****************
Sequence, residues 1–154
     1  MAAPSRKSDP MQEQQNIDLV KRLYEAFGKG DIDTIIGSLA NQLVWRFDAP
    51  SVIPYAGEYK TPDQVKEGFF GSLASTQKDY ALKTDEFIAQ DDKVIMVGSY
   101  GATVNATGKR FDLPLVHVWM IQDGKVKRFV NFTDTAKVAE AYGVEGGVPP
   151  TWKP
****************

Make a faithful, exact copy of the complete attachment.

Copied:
Sequence, residues 1–154
     1  MAAPSRKSDP MQEQQNIDLV KRLYEAFGKG DIDTIIGSLA NQLVWRFDAP
    51  SVIPYAGEYK TPDQVKEGFF GSLASTQKDY ALKTDEFIAQ DDKVIMVGSY
   101  GATVNATGKR FDLPLVHVWM IQDGKVKRFV NFTDTAKVAE AYGVEGGVPP
   151  TWKP